Explorers first entered the Oakland Area March 27, 1772, settling here in 1820. The city was incorporated in 1854. Oakland was the hub of Alameda County for years, with a vibrant downtown and a large manufacturing base. It boasts a large and vibrant Chinatown. The downtown retail base declined with growth of the suburbs and the accompanying major malls, but the city has flourished as a shipping hub with its modern container port and easy access rail lines. A number of major downtown projects also have been promoted by the city through redevelopment to try to revitalize the area. Oakland is a city of contrasts ranging from affluent people living in the hills to those living in the poverty in other areas. San Francisco is but a ferry ride away from Jack London Square, Oakland's Bay waterfront. The tourist or browser will find an array of shops to delight young and old alike. Lake Merritt, one of the nation's largest lakes, adds to the diversity of Oakland. While it acts as buffer between downtown and the opulent hills, it affords its citizens a chance to come together for picnic lunches, jobs, or get out on the lake to try the paddleboats and sailboats. Children can visit the Bird Refuge to pet and feed various birds, including storks, Canada geese and California brown pelicans. At night, the lake shows off with its "Necklace of Lights.

The City of Oakland has a rich history dating back to its original inhabitants, the Ohlone Indians, a hunting and gathering culture that disappeared after the Spanish and Mexican settlements in the early 1800's. The city was incorporated in 1852 and has served as the county seat of Alameda County since 1873.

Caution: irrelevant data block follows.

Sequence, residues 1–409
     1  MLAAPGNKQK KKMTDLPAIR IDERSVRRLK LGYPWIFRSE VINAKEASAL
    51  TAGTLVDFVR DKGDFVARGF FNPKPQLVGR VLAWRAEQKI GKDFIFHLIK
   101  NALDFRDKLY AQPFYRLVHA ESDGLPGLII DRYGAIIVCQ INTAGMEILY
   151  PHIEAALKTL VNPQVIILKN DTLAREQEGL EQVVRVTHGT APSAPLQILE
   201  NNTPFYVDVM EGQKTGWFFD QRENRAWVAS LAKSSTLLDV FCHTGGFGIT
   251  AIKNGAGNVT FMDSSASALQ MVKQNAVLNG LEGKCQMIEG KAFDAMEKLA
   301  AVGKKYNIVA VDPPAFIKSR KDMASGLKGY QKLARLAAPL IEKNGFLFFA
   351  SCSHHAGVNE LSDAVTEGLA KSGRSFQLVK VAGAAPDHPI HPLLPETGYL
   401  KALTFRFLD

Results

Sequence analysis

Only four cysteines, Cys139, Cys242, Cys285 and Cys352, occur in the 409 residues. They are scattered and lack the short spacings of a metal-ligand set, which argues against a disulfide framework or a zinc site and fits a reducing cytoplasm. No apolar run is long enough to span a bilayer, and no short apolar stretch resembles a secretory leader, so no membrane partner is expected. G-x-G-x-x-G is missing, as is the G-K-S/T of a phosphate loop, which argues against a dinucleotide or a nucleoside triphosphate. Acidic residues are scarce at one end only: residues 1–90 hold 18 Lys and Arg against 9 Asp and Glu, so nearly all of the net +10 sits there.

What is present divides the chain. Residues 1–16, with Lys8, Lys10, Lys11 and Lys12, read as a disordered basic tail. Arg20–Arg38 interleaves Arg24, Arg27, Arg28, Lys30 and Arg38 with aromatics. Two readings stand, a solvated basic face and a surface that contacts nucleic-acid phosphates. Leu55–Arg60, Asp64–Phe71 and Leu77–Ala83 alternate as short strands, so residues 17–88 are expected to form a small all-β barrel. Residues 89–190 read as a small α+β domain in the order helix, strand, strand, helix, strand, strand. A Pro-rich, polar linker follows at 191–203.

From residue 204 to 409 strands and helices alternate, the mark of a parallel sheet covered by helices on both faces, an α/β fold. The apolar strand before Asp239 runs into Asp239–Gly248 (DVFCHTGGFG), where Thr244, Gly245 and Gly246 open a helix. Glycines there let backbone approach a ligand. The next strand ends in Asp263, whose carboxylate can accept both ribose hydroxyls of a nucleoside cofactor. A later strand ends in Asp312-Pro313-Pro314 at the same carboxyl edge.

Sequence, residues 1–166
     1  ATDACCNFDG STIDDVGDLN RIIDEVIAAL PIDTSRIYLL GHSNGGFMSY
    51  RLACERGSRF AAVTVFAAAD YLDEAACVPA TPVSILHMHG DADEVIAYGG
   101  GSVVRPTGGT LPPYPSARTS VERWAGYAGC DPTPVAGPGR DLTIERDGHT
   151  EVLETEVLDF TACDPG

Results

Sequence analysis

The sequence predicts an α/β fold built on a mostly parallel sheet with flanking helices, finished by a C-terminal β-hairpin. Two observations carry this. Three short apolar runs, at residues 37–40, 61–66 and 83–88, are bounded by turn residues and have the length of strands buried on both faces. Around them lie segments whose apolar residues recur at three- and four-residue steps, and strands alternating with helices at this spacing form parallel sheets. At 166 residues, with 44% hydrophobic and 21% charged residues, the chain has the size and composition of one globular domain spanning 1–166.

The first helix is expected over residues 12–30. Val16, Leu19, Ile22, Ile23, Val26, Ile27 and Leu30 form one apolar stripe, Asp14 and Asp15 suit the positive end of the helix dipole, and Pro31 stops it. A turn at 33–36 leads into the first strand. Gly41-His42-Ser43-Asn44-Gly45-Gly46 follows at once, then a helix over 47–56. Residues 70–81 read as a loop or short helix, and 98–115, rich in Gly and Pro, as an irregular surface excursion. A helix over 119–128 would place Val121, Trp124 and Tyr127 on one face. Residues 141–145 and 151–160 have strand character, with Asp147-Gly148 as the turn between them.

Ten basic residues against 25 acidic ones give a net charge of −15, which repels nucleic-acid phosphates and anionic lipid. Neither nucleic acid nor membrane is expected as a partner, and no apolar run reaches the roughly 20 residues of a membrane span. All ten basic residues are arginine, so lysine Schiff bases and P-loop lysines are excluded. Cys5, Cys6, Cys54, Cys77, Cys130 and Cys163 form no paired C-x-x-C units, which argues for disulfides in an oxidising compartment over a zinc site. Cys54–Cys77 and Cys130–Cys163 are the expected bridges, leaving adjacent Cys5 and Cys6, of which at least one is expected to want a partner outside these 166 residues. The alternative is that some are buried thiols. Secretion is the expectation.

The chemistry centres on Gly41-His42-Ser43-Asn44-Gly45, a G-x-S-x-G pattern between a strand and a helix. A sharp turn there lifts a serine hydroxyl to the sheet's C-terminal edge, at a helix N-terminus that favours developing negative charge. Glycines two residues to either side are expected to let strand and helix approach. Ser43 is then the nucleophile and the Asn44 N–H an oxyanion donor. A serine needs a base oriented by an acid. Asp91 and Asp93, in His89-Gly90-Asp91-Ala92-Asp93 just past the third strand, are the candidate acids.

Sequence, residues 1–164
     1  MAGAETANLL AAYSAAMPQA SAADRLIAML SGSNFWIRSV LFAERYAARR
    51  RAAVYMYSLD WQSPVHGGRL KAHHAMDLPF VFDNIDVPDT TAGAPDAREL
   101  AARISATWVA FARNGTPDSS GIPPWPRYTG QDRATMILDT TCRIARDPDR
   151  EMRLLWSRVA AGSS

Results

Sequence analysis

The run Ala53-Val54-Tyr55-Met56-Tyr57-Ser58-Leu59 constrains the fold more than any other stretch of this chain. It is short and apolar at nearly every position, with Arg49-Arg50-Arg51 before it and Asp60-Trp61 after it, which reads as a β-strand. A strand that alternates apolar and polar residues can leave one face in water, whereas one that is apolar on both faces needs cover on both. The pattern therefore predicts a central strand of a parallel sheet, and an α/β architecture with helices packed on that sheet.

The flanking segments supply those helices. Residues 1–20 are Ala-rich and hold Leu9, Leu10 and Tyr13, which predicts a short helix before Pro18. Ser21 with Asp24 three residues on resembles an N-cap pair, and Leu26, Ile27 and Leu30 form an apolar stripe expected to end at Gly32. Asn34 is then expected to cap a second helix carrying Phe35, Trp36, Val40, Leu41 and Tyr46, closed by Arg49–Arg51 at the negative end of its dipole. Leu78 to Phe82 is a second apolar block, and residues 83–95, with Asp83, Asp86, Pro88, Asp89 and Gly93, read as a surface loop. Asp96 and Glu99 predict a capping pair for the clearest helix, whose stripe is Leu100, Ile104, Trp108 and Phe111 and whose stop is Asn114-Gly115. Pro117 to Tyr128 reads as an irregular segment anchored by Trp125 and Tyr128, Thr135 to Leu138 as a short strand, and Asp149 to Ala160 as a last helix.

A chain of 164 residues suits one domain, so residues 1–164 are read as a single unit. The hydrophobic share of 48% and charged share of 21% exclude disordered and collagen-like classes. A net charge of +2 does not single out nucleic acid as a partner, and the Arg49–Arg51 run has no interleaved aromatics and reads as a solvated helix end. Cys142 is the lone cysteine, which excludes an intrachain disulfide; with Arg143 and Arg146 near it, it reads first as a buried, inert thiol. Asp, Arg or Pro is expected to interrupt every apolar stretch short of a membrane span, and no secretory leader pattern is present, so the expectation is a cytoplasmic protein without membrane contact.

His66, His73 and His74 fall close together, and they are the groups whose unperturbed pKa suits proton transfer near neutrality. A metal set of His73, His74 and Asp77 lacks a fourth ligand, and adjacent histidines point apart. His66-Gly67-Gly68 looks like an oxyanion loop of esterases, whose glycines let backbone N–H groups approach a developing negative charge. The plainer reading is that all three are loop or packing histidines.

Oakland is ranked as the sixth largest city in California with the fourth largest container port in the United States. Pacific Rim countries are the principal origination and destination points for international cargo. The 2,500 acre Metropolitan Oakland International Airport leads the Bay Area in small package shipping and ranks 10th in the nation in air cargo as measured by land weight.

In the area of commerce, Oakland is home to many high profile businesses including the nation's largest grocery chain, Safeway Stores Inc., and its largest health plan, Kaiser Permanente. Also based in Oakland are The Clorox Co., American President Companies Ltd., and Golden West Financial Corp. to name a few. Oakland is ranked fourth in the highest percentage of its work force in skilled occupations such as executives, managers or technicians.

Oakland is the most ethnically diverse city in the nation, with at least 81 languages and dialects spoken. Topping a list of Oakland's many strengths is its many distinctive neighborhoods, each with its own history and ambiance.

Jack London's Square, Oakland's bay waterfront, offers the tourist or browser an array of shops to delight young and old alike. Beautiful Lake Merritt offers outstanding picnic sites, jogging trails, and boating opportunities. Children can visit North America's oldest bird refuge where hundreds of species migrate along the Pacific Flatway.